No. 967



It has been said that our “Heritage” is made up of all the positive past values that hold a civilization together. This is so true. It is with this thought in mind that I would like to pass along some information that many people in our nation do not know or truly understand.
What I am referring to here is our nation’s Christian heritage. Our very roots came from our forefathers who made no apology for their faith in God, and the vast majority had a personal relationship with Jesus Christ. If we don’t teach this in the public schools, where most children attend, and the majority of American families do not attend church, where will our nation’s youth learn this important information? When the final chapter of our lives has been written and we stand before a Holy and righteous God, we will be judged as an individual for what we passed on, not as a group or a people.
It is because I deeply love America and fear that we have strayed from our roots that I share these thoughts with you. Please consider this: 52 of the 55 signers of the Declaration of Independence were orthodox, deeply committed Christians. The other three all believed in the Bible as the divine truth, the God of scripture, and His personal intervention. It is the same congress that formed the American Bible Society immediately after creating the Declaration of Independence, the Continental Congress voted to purchase and import 20,000 copies of scripture for the people of this nation.
Patrick Henry, who is called the firebrand of the American Revolution, is still remembered for his words, “Give me liberty or give me death.” But in current textbooks the context of these words is deleted. Here is what he said: “An appeal to arms and the God of hosts is all that is left us. But we shall not fight our battle alone. There is a just God that presides over the destinies of nations. The battle, sir, is not of the strong alone. Is life so dear or peace so sweet as to be purchased at the price of chains and slavery? Forbid it almighty God. I know not what course others may take but as for me, give me liberty or give me death.”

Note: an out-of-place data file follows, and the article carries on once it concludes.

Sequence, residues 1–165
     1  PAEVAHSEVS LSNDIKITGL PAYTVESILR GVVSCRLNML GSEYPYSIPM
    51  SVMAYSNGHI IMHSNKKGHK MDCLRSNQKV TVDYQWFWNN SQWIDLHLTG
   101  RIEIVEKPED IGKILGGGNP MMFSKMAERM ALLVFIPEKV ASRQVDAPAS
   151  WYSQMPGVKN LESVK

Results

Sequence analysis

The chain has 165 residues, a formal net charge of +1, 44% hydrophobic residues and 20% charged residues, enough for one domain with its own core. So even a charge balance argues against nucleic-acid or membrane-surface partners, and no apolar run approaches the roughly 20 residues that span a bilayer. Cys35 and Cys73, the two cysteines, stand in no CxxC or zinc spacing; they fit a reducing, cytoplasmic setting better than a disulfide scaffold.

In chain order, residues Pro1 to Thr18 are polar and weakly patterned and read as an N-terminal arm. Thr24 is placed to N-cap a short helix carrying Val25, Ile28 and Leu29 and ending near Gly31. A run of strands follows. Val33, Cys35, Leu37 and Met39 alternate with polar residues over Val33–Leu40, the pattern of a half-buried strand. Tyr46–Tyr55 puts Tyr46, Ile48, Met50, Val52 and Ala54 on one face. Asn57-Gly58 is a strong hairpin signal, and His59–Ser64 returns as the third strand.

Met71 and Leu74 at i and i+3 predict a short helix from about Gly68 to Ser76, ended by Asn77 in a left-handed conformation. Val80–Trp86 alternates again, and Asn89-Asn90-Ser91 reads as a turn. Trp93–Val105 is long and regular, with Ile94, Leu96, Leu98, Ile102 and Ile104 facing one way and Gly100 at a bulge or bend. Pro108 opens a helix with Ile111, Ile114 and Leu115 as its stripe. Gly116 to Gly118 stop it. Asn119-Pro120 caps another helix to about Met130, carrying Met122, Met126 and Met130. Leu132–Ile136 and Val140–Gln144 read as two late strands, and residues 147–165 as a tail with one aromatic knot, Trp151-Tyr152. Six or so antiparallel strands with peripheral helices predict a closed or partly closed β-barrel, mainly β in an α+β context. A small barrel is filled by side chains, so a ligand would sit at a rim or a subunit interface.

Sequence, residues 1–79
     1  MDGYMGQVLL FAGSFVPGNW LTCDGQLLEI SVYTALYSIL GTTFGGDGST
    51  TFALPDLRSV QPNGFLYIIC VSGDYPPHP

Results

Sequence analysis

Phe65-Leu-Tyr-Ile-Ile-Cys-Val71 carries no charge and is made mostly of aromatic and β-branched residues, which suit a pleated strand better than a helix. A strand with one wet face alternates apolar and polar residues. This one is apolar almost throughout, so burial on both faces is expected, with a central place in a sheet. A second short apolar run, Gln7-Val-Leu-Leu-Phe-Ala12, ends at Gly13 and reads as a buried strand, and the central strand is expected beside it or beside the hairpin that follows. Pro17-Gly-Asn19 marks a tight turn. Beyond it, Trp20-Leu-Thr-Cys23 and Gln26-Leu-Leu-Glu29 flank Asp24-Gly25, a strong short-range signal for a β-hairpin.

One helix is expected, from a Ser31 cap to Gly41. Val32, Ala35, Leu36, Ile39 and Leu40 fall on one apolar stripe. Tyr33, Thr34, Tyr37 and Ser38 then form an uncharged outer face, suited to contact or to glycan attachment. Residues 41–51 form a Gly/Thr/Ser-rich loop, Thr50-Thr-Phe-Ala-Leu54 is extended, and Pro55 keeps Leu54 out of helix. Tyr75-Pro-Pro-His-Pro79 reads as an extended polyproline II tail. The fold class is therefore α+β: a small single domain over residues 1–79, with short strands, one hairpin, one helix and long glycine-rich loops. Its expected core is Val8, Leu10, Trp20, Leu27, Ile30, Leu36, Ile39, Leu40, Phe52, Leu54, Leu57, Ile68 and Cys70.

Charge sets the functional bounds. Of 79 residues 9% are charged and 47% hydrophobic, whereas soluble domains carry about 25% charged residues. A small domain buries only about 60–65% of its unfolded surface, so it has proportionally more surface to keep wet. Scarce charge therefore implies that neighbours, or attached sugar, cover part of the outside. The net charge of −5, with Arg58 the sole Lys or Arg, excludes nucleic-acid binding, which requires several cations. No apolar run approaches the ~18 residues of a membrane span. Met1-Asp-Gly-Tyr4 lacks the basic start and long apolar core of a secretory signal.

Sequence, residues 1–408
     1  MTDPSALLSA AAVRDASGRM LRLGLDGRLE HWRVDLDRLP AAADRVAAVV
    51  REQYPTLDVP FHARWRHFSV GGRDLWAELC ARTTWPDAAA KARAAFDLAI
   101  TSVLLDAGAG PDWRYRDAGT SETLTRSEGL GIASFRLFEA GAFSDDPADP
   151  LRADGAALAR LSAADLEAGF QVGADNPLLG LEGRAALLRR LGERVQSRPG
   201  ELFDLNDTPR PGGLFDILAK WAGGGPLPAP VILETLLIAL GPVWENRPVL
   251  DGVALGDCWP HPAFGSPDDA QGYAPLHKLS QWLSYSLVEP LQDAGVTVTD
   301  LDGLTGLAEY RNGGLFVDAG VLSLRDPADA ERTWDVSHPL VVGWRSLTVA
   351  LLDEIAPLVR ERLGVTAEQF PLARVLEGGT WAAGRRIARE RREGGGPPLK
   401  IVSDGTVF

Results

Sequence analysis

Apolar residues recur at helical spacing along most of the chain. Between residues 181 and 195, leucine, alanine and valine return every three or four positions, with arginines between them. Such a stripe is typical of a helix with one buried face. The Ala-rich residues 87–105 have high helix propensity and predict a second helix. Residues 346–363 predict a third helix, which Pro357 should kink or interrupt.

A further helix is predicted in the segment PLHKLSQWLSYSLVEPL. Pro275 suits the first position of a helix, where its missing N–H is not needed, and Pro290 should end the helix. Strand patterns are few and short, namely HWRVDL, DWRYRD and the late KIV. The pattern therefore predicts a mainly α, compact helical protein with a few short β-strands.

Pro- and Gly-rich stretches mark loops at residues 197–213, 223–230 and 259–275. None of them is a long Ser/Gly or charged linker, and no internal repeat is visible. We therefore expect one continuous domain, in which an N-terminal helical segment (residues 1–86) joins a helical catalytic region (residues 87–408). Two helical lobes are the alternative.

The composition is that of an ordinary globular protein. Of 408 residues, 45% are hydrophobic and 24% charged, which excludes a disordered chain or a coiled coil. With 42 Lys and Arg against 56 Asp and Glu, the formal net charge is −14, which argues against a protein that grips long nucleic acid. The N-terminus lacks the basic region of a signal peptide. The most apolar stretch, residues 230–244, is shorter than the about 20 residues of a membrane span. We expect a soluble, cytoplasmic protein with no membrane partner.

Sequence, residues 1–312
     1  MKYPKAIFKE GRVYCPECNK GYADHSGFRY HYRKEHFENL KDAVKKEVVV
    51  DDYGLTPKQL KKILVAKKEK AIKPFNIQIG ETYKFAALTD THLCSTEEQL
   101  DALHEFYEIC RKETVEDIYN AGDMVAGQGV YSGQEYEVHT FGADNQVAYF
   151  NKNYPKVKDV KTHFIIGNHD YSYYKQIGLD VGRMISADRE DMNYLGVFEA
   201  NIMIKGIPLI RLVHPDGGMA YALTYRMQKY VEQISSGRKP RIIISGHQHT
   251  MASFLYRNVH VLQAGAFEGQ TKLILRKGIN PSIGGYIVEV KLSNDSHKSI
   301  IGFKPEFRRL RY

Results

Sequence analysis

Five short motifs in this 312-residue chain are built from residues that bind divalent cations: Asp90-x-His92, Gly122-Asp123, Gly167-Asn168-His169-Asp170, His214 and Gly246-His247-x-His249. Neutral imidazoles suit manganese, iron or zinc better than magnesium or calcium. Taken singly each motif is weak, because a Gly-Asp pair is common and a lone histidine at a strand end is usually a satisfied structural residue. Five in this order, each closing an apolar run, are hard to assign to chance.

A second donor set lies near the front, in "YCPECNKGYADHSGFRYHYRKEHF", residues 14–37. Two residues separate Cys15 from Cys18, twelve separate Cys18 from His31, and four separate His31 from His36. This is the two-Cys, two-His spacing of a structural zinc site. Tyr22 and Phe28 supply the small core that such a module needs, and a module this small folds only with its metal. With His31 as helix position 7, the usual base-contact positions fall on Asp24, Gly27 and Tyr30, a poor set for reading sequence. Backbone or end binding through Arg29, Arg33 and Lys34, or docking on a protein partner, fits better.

Was Patrick Henry a Christian? The following year, 1776, he wrote this, “It cannot be emphasized too strongly or too often that this great nation was founded not by religionists, but by Christians; not on religion, but on the Gospel of Jesus Christ. For that reason alone, people of other faiths have been afforded the freedom to worship here.”
Consider these words that Thomas Jefferson wrote on the front of his well-worn Bible: “I am a Christian, that is to say a disciple of the doctrines of Jesus. I have little doubt that our whole country will soon be rallied to the unity of our Creator and, I hope, to the pure doctrine of Jesus also.”
Consider these words from George Washington, the father of our nation, in his farewell speech on Sept. 19, 1796: “It is impossible to govern the world without God and the Bible. Of all the dispositions and habits that lead to political prosperity, our religion and morality are indispensable supporters. Let us with caution indulge the supposition that morality can be maintained without religion. Reason and experience both forbid us to expect that our national morality can prevail in exclusion of religious principle.”
Again you may ask, was George Washington a Christian? Consider these words from his personal prayer book: “Oh, eternal and everlasting God, direct my thoughts, words and work. Wash away my sins in the immaculate blood of the lamb and purge my heart by the Holy Spirit. Bless, O Lord, the whole race of mankind and let the world be filled with the knowledge of thy son, Jesus Christ.” Most Americans will agree that we do have a Christian heritage.
(EDITOR'S NOTE: Jim Davidson is a public speaker and syndicated columnist. You may contact him at 2 Bentley Drive, Conway, AR 72034. To begin a bookcase literacy project visit You won’t go wrong helping a needy child.)